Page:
The Director of the museum leads us through the museum past historical boards showing how Frankl was first influenced by Freud and then Adler, and he founded the “Third Viennese School of Psychotherapy.” She stops at this point, reflecting on the metaphor of a “thread.” She explains that a thread that runs through our lives connecting us with it. At each step, we can grow beyond ourselves as this rope holds us up. “…And this means that we have a connection with the ultimate Thou—who is concerned about us and watches over us and extends a hand to us so that we can master life’s challenges”—this is the reason why we are invited to say ‘yes’ to life.

Ms. Harmer reminds us that in his book, “Say Yes to Life, a Psychologist Experiences the Concentration Camps” [which was translated as “Man’s Search for Meaning” in English and first published in 1959; Viktor Frankl Institute Vienna, 2021], Viktor Frankl detailed his experiences “…not to elicit sympathy or to complain but to help others gain strength.” This book moved millions of people around the world. Its main thesis, which Viktor Frankl never tired repeating, is that meaning is available in every life situation.

  • Every Situation is Unique and Every Moment in Precious:

Continuing the tour, we hear an excerpt from one of Frankl’s presentations [quoting Nietzsche]: “Who has a why in life can bear with nearly any how.” And another excerpt that explains this statement: “This is to say that whoever has a goal and a task, whoever can perceive that there is a mission that only he or she can fulfill, who, in other words, sees meaning in life, is capable of enduring suffering…for the sake of this meaning…for the sake of a loved one.” Ms. Gruber pauses to emphasize that his is one of the main points. And the other is to emphasise how precious each moment is. When we come face to face with death, we become aware of the limitations of life, and our vulnerabilities. That is why we can say “…death is the engine of life.” When we can see that every moment is unique, unrepeatable, and irreplaceable and no moment comes again in life—this is what death brings into awareness—that each moment is precious. As Frankl stated, “…Faced with life’s transitoriness, it is meaningful to act.” If there were no such limitations, each action and decision could be procrastinated indefinitely.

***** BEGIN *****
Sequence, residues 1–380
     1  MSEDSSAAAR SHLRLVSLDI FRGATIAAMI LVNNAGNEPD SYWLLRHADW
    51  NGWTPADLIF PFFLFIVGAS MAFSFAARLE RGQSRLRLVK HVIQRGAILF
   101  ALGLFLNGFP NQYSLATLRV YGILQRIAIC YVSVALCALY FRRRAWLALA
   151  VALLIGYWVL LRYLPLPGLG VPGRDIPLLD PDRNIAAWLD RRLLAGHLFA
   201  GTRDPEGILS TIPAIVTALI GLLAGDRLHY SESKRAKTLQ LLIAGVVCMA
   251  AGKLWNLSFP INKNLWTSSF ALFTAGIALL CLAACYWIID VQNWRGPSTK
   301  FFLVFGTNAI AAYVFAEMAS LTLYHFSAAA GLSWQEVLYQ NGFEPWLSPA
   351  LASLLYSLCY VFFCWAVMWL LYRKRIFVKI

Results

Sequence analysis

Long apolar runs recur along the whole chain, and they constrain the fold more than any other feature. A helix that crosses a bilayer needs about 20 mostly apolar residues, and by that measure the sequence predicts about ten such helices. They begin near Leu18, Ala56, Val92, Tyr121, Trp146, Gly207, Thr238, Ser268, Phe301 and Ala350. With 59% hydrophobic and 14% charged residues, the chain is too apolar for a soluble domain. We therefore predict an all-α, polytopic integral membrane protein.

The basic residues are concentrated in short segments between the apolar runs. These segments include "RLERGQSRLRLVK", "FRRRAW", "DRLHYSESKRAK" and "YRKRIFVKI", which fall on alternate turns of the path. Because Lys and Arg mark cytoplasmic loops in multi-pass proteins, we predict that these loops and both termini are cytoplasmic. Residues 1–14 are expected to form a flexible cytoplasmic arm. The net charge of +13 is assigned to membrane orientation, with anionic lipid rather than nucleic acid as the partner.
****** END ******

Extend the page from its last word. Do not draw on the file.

These words remind bring us back to the present. Certainly, these times of the coronavirus pandemic remind us of the unique and unrepeatable moments we live in. On several occasions, it was remarked that this present crisis confronted us with our own vulnerabilities and finiteness.

  • “Seeing Through” Means Appreciating the Healthy Core of the Person:

Next, we arrive to a glass case housing the glasses of the psychiatrist. Ms. Gruber explains that “…the glasses for him were the symbol of seeing through.” To see through in a situation would mean that we are aware that the anxiety and stress affects us physically, psychologically, and emotionally. However, what we do not want to miss and what we really want to keep in front of our eyes is that “…wee have a healthy core that is the indestructible part of our being—of every human being.”

This unconditional belief in the meaningfulness of life is what Viktor Frankl wants to call our attention to, explains Ms. Gruber, as she points to several questions illustrated on boards. “What is the point of life?” “What is worth living for?” “Will death destroy all what we achieved?” –These are philosophical questions that philosophers have grappled with for centuries. Through the lenses of a three-dimensional view of the human person, we can see people not only as they are but as they can be. We can appreciate that the core of the person is the spirit, a healthy core, that is inherently dynamic and oriented toward meaning.

  • Inherent to human existence is a Will to Meaning: